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New Discovery Finds Much More At Stonehenge Than Meets The Eye


Last week President Obama took a break from international crises on his way home from a NATO summit in Wales. He made a detour to check off an item on his bucket list - a visit to Stonehenge. Well, the president may have to go back to the prehistoric, archaeological site in Wiltshire, England. It turns out now that the stone pillars we see are only a fraction of what the ancients built there. Researchers from Birmingham University have used ground penetrating radar and other high tech equipment to map 17 other ritual monuments in the area. Professor Vince Gaffney led the Stonehenge hidden landscapes project and he joins us on the line. Welcome to the program.

VINCE GAFFNEY: Thank you very much.

SIEGEL: The iconic circle of stones it seems are just a part of a much bigger complex. What you actually find here?

GAFFNEY: We've been carrying out an immense survey of an area around Stonehenge, about 12 square kilometers, and we found a very large amount of new, archaeological sites dating to the period of Stonehenge and later and even earlier in some circumstances.

SIEGEL: Well, what does the visible tip of the iceberg amount to here? I mean, is there equally as much underground and not visible to the eye as there is aboveground?

GAFFNEY: Oh, there's probably more that is invisible than is visible actually. Stonehenge stands magnificently isolated in the Salisbury plain and indeed archaeologists that believed that there was so little there that they felt that people were not allowed to approach it. However, we have some suspicions that this was not true. In fact about 90 percent plus of the landscape was entirely incognito. So we decided to survey between the areas we knew in order to find out what exactly was there and lo and behold what we started to find were series of small Henge-like monuments, like Stonehenge, but perhaps better interpreted as small chapels in the landscape clustering around it.

SIEGEL: What is it that you actually see underground with your various tools? Do you actually see an entire structure that would be like a small Henge or do you see what used to be there - the remains of such a thing or traces of it? What is it there?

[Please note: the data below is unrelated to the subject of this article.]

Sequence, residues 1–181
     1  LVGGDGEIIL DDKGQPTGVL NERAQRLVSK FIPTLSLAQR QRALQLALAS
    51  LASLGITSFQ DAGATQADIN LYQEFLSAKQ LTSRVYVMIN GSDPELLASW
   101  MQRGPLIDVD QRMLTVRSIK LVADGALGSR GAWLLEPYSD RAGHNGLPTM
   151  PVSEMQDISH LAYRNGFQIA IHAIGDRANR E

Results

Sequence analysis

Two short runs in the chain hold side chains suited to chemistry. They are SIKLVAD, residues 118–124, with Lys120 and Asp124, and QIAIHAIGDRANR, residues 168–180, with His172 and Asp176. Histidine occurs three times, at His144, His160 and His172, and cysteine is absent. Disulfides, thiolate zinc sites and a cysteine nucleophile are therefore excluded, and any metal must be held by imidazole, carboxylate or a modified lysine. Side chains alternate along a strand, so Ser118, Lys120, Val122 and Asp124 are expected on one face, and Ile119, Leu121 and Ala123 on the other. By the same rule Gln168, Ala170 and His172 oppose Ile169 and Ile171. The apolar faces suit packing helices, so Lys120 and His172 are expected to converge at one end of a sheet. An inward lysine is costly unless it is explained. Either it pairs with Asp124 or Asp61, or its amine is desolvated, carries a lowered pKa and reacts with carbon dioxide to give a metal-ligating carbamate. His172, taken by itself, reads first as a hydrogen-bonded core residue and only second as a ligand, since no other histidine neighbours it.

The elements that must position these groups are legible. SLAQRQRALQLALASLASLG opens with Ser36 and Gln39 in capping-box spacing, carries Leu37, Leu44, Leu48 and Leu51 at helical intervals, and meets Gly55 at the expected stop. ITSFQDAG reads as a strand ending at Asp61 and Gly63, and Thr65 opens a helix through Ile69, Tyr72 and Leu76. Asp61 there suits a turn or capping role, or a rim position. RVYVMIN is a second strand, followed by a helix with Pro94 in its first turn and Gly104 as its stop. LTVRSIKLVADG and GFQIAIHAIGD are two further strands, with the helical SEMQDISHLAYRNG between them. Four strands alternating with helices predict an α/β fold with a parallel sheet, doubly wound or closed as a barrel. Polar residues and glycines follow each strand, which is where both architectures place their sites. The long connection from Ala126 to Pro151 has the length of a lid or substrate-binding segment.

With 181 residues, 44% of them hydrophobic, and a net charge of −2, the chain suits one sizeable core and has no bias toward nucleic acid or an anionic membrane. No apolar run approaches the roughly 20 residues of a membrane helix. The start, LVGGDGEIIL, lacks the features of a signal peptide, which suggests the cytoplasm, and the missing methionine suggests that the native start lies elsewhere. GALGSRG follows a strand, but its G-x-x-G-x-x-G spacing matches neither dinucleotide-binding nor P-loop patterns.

GAFFNEY: Well, obviously it varies according to what's surviving, but the results actually look like a map of what was there in the past. For instance if I was using magnetometers - the Earth which fills the ditches and produces a signature, which we would display as a dark smudge on the landscape. However we also used things like radar, which allows us to give us a three-dimensional view. So we cannot only show a large pit as a black circle, we can actually put it into a three-dimensional model and model the shape of it and the depth. In later periods, in the Bronze Age, we can see fields, we can see boundary ditches, we can see ponds, enclosures. It's a stunning amount of information. We're going to be working for another year simply disentangling this and producing an atlas of the Stonehenge landscape.

SIEGEL: Does the greater number and variety of structures that you have discovered change your view of the sophistication of the people who built these things, whoever they were?

GAFFNEY: I wouldn't quite say that. I mean, nothing is more sophisticated than Stonehenge. We're looking at a monument in which stones were taken from as far away as South Wales to form the trilithons, the great stones that you see today. What is different is that the societies who may have come from quite a considerable distance away we're using the landscape in a much more sophisticated manner.

SIEGEL: Professor Gaffney thanks for talking with us about this.

GAFFNEY: Thank you very much and thanks for inviting me.

SIEGEL: That's Professor Vince Gaffney of the University of Birmingham who led the Stonehenge hidden landscapes project. Transcript provided by NPR, Copyright NPR.